Modern salvage efforts began in the 1960’s when Platoro, Inc., a private enterprise from Indiana began removing artifacts from Espíritu Santo. This destructive salvage effort by private enterprise alarmed Texas officials because they felt that the recovered artifacts were rightfully the property of the citizens of Texas. They were also concerned that significant historical and archeological data were being destroyed in this unscientific process. Their position was strengthened considerably with the adoption in 1969 of the Texas Antiquities Code, a major protection act directly related to the Platoro controversy. Under this Code, the Texas Antiquities Committee conducted scientific excavation and recovery of San Esteban. The shipwreck has considerable significance; it is among the oldest scientifically recovered shipwreck sites in the Western Hemisphere.
The Texas Archeological Research Laboratory at the University of Texas at Austin was given temporary custody of a large portion of the recovered materials in order that they might be properly conserved and catalogued. Thousands of artifacts were processed and classified during the project. Layers of encrustation had to be painstakingly removed from metal artifacts, many of which had formed into large conglomerates. X-rays were taken to discern what lay inside these masses. Analysis and identification of many of the artifacts was successfully completed. In 1984, the Corpus Christi Museum of Science and History was named repository of the San Esteban collection. Two years later, the Museum was named repository for the Platoro, Keenan, and Purvis Collections.
Among the collections are weaponry, coins, supplies, personal items, and navigational devices. One of the astrolabes is dated 1545 and is the oldest dated mariner's astrolabe in the world.
Then there were personal treasures carried by passengers, souvenirs, and necessities of 16th-century life. Straight pins and silver thimbles, a gold crucifix and silver reales reflect the styles and values of wealthy traders and common mariners.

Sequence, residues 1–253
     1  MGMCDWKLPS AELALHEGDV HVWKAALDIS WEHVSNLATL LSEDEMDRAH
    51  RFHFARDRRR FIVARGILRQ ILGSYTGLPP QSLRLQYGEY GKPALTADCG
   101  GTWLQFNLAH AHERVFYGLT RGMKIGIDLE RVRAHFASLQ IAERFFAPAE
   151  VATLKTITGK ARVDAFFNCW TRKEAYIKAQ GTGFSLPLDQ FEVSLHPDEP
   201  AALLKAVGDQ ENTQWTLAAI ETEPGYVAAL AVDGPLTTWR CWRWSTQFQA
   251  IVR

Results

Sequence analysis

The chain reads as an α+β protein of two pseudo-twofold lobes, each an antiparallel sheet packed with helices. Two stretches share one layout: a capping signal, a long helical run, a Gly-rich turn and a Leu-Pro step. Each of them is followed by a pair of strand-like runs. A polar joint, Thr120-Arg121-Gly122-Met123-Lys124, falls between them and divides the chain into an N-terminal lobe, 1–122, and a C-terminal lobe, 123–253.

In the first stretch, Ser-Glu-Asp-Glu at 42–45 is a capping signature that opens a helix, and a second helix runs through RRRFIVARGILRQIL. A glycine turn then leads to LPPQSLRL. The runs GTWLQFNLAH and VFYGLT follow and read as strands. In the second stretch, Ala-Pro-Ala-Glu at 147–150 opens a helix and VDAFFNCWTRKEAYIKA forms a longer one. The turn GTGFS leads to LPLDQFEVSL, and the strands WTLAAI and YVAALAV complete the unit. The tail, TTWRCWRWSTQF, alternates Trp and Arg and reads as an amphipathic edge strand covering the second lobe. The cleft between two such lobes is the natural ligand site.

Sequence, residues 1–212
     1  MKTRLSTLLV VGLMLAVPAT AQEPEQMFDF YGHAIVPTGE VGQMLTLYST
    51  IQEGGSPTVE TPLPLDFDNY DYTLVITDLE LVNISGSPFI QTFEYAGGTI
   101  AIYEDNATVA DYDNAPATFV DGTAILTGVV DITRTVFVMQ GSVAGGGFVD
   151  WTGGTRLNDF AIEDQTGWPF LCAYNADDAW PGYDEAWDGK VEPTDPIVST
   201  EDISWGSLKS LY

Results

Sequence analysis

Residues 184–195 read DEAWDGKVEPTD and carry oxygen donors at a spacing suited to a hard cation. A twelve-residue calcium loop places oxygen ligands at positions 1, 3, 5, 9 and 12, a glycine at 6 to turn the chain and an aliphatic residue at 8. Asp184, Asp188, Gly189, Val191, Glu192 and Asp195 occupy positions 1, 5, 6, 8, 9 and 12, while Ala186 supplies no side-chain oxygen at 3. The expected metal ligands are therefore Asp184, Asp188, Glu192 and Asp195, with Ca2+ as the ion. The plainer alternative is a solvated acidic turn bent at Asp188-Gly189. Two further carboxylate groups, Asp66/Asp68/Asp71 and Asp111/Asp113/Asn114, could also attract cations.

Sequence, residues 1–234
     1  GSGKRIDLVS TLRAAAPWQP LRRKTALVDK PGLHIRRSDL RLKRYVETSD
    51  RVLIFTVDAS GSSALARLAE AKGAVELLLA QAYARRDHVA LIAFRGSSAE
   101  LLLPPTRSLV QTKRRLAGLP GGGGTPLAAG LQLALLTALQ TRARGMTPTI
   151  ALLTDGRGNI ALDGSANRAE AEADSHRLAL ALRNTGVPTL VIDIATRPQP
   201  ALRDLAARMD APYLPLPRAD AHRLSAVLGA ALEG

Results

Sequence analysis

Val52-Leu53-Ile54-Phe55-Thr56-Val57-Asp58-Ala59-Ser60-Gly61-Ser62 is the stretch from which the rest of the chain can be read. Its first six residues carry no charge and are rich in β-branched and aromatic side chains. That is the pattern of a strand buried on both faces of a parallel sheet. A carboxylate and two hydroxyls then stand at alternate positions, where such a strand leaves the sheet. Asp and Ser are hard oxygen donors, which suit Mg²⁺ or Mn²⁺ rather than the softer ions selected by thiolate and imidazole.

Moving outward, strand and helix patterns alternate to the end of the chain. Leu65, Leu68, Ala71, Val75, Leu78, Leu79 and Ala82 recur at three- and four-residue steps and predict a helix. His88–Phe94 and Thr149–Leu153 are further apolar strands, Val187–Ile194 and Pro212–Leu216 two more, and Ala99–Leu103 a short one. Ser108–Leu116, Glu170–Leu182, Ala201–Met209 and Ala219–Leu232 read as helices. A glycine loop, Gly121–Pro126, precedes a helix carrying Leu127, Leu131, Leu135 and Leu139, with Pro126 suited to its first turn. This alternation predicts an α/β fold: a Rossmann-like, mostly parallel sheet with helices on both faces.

The wreck sites and the camp sites of the salvers that worked on the recovery effort in 1554 are now under protection of the Padre Island National Seashore and the State of Texas. Shipwreck!, an exhibit based on the artifacts recovered, opened at the Corpus Christi Museum in 1990 and is maintained as a permanent exhibit for visitors.
Contributed by Robert Drolet and Rick Stryker, Corpus Christi Museum of Science and History.
The paintings shown above were created for the exhibit Treasure, People, Ships, and Dreams that was a joint project of the Texas Antiquities Committee and the Institute of Texan Cultures. The 1554 collection is owned by the Texas Historical Commission and the Corpus Christi Museum of Science and History is the repository.
Corpus Christi Museum of Science and History
[The museum presents the story of the cultural crossroads of the New World. In addition to the major interpretive “Shipwreck!” exhibit, there are also “Cultural Encounters” galleries, “Seeds of Change” exhibit (focused on five “seeds”— corn, potatoes, diseases, horses and sugar), and full-scale reproductions of the Columbus Ships which can be toured. A Children's Wharf, interactive exhibits on early navigation, and galleries of natural resources provide additional learning opportunities.]
Arnold, J. Barto III and Robert Weddle
1978 The Nautical Archeology of Padre Island. Academic Press, New York.
McDonald, David (Translator) and J. Barto Arnold III
1979 Documentary Sources for the Wreck of the New Spain Fleet of 1554. Texas Antiquities Committee Publication 8, Austin.
1976 Texas Legacy from the Gulf: A Report on Sixteenth Century Shipwreck Materials from the Texas Tidelands. Texas Memorial Museum Publication 2, Misc. Papers 5, and the Texas Antiquities Committee, Austin.